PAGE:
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Letters to the Editor 

‘Pity Party for Perps’

Really, Seven Days? Front-page news?” In [“Gray Is the New Orange,” January 22] those serving time for aggravated sexual assault, lewd and lascivious conduct with an 8-year-old, etc. are whining about how “They’ve had a hard life,” “They can’t find housing,” “That it took months” to get a medical diagnosis. 

Victims, too, serve “life sentences,” struggle for housing and medical care and diagnosis, and the perps are the ones whining and getting representation and front-page news!

An advocate states that prisons should “keep people away from the general public for reasons of public safety” and that holding those who are low risk due to their age is “a waste of taxpayer money, not to mention human capital.”  

As a survivor, I spend each and every day of my life with these struggles and more, so forgive me if I do not share in this pity party for perps.

Bonnie L. Barrows

Burlington

SEALS Are Sailors

Rick Kisonak’s otherwise fine review of the new movie Lone Survivor has an error that many in the media often make [Movie Review, January 15]. In his description of the storyline, he notes that “four soldiers are dropped into a remote patch of the Hindu Kush.” Had the story been about Army Special Forces, aka Green Berets, this would have been OK. But it is about SEALS, who are Navy personnel, and hence sailors.

This may seem trite to those who have not served in the military. I can assure you, as a retired U.S. Navy commander, that we sailors, soldiers, Marines, airmen and Coast Guardsmen don’t take it so. It is yet another reminder of how disconnected most Americans are from those of us who have served. I’ve noted in recent years the frequent use in the media of “soldier” in its generic sense, or as a verb, but please make a point of calling actual service members by their proper branch. It is important, to us.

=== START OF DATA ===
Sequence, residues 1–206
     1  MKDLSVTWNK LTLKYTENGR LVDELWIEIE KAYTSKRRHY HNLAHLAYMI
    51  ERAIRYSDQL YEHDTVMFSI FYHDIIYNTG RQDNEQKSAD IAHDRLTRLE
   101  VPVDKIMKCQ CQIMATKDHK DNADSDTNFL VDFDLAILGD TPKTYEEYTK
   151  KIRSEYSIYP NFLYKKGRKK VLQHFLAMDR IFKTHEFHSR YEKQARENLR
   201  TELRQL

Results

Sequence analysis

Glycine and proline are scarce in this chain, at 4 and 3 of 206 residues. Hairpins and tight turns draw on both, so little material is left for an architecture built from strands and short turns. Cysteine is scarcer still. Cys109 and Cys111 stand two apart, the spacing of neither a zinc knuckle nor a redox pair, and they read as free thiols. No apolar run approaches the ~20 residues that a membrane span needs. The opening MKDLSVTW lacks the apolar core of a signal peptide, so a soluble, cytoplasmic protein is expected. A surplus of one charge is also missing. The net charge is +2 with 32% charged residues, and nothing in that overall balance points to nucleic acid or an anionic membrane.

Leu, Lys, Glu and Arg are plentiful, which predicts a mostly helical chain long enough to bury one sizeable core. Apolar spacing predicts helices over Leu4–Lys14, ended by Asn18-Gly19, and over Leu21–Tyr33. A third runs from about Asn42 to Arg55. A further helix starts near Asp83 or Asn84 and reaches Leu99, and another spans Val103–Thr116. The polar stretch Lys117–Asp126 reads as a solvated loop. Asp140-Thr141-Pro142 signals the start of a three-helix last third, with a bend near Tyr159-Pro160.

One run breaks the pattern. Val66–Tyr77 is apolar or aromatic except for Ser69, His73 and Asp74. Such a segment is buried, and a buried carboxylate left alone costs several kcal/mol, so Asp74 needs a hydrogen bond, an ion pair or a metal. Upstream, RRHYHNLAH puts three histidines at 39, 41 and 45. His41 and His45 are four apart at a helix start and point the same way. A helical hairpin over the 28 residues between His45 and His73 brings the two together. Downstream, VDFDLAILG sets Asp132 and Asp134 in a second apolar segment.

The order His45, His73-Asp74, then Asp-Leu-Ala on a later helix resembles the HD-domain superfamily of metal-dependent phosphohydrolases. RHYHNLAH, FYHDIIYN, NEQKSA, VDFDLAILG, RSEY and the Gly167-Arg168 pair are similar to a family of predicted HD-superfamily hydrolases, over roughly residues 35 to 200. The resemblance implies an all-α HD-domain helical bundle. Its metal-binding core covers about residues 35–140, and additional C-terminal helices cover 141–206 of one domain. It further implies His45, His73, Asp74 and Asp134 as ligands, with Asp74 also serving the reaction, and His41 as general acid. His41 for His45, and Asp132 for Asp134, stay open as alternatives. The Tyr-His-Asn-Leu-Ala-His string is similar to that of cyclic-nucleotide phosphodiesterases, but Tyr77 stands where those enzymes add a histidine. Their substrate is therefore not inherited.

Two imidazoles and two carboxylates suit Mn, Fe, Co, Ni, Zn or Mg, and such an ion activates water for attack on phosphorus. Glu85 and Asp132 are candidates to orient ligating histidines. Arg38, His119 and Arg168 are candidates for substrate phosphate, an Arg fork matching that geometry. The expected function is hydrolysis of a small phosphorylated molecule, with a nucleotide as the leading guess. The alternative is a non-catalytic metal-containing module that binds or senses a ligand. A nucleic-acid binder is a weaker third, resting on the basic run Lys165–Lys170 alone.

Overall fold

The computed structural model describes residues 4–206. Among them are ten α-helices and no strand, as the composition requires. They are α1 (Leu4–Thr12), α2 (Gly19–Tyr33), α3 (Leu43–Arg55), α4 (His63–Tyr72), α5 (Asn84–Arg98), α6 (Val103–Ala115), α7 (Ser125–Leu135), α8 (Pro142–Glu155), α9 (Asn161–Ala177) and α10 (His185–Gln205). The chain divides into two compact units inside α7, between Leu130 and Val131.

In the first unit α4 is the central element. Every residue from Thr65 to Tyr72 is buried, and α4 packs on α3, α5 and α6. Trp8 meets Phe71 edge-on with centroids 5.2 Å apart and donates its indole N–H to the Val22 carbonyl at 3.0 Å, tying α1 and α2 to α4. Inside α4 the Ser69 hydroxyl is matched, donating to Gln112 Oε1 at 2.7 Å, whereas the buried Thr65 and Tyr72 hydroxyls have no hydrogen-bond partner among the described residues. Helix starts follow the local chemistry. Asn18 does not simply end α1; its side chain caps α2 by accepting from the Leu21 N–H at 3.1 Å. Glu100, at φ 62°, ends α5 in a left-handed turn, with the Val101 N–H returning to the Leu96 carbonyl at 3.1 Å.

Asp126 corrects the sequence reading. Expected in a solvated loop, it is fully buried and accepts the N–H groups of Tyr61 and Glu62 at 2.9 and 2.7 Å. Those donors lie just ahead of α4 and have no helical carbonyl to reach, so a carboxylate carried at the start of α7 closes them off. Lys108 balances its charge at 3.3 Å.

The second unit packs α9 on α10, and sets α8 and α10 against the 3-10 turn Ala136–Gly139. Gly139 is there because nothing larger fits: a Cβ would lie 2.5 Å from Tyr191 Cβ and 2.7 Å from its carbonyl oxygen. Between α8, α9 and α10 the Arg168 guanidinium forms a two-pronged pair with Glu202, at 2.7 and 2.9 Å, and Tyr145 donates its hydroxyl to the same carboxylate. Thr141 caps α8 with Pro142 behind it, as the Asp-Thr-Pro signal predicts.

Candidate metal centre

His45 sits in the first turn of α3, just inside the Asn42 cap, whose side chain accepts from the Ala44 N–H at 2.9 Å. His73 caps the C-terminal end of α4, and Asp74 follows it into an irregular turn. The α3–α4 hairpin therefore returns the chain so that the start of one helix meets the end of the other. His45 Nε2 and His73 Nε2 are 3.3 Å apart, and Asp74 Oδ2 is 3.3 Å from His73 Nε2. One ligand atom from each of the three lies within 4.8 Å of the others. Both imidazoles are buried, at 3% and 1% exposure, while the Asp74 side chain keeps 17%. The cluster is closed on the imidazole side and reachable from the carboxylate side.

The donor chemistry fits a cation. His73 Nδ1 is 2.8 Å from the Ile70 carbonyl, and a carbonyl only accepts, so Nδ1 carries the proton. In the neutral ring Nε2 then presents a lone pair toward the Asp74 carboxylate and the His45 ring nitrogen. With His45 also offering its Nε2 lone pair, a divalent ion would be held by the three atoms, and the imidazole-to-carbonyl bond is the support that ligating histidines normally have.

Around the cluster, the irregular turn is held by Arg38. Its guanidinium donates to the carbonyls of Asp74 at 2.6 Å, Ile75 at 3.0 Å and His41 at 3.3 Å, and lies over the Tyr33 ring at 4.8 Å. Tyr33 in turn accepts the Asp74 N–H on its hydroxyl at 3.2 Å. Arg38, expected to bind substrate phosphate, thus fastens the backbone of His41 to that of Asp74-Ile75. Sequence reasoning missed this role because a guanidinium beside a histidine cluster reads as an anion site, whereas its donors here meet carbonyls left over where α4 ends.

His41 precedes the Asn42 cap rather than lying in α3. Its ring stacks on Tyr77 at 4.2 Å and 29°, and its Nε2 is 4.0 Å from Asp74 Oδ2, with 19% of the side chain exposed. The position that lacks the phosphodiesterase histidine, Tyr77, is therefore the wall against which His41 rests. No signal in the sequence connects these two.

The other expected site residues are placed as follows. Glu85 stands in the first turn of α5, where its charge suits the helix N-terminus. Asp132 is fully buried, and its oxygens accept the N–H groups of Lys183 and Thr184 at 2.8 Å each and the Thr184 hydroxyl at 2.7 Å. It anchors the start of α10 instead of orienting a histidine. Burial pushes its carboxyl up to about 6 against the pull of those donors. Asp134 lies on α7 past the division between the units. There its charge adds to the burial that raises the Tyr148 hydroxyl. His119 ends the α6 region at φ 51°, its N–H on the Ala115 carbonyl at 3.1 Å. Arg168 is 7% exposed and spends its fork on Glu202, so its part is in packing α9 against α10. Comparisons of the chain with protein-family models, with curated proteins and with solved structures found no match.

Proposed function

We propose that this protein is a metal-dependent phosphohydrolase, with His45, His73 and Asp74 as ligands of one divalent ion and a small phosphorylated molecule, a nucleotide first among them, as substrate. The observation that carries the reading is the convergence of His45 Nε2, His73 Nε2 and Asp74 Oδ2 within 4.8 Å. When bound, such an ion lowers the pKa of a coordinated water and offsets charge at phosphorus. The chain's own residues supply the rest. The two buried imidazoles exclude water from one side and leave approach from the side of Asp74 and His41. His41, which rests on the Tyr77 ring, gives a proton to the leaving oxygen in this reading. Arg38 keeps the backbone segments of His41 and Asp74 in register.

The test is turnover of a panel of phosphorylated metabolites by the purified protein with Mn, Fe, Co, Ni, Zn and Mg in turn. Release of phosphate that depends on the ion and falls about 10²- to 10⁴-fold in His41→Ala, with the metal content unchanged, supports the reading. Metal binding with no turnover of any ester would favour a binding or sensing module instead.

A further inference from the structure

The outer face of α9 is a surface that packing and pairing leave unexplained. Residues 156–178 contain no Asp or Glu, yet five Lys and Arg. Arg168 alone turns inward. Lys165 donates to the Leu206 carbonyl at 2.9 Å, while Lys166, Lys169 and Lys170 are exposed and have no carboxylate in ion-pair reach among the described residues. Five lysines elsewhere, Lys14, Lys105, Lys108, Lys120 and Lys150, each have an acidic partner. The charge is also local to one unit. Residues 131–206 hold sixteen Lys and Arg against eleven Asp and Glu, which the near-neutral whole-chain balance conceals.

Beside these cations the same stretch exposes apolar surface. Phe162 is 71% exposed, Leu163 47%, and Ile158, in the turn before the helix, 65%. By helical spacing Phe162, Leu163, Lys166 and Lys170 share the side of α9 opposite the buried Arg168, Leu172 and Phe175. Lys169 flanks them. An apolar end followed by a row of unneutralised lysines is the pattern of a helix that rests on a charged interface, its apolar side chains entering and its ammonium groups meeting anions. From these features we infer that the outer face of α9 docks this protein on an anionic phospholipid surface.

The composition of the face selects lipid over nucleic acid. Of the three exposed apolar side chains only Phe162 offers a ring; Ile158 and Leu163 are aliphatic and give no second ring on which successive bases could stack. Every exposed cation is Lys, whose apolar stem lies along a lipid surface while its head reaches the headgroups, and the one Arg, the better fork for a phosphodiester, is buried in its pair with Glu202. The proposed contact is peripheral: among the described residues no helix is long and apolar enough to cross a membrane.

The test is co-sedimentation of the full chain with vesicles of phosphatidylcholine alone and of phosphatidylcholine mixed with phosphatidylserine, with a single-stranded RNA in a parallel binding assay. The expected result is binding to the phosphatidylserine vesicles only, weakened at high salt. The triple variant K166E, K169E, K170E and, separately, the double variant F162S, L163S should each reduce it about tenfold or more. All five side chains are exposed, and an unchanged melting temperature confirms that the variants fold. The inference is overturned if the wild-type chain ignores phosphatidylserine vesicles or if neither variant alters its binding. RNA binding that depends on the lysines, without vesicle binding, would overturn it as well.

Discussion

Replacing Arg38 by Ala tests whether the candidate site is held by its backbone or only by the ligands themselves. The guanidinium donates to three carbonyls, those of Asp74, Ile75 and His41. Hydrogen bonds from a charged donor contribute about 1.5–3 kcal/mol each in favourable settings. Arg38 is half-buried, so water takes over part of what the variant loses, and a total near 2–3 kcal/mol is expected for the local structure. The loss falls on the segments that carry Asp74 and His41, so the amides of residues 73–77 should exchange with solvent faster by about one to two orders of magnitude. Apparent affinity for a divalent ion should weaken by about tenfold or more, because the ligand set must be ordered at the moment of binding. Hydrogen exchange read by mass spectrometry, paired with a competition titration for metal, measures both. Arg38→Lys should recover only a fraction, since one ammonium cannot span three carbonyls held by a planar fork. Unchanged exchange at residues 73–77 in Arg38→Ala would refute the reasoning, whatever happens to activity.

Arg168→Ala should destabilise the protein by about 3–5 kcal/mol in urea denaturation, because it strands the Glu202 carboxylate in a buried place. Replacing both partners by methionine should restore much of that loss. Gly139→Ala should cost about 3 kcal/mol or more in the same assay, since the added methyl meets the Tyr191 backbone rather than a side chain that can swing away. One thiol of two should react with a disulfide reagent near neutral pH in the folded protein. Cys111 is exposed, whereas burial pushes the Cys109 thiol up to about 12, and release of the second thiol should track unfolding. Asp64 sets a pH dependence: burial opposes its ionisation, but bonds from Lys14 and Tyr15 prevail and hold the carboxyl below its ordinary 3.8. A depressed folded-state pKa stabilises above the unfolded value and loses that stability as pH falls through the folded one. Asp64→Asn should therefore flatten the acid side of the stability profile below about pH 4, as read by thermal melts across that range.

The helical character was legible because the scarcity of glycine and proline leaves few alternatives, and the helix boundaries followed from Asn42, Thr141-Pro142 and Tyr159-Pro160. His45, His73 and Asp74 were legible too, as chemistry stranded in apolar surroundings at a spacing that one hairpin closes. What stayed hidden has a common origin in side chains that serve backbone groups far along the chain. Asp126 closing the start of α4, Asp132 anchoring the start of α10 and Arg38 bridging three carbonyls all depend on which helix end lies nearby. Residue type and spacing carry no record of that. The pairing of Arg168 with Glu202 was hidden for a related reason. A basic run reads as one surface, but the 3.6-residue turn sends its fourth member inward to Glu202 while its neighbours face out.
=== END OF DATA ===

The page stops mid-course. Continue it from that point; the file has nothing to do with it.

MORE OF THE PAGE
Terry Ryan

Huntington

Why Downplay Drug Problem?

Certainly, a slurry of facts was represented in Mark Davis’ article [“Diagnosing the Drug Deal: Did Shumlin Overstate the Case for Vermont’s Opiate ‘Crisis’?” January 15]. But what floated to the top for me was an arrogant dismissal of reality. Shumlin has brought this very serious, private, deadly issue to the forefront, and Davis’ compilation of facts says we are using the wrong yardstick?

Suggesting that because this trend is not a rising tide and opiate use is not an epidemic is just semantics. This article discounts opiate use as a lesser threat than binge drinking, underage drinking and marijuana use. Tell that to the person next door driving to Rutland or West Lebanon every day for treatment; tell that to the parent who watched their child drop out of college and into a daily dose of narcotics; tell that to the high school counselors who talk to parents about student heroin use.

This article does not support the kind of awareness our communities need to help battle this crisis. Opiate use is a private epidemic to which Davis’ numbers give little justice. This is just half the story. We need more emphasis on just how real and close this problem is and not a deflection in the press that sedates our awareness.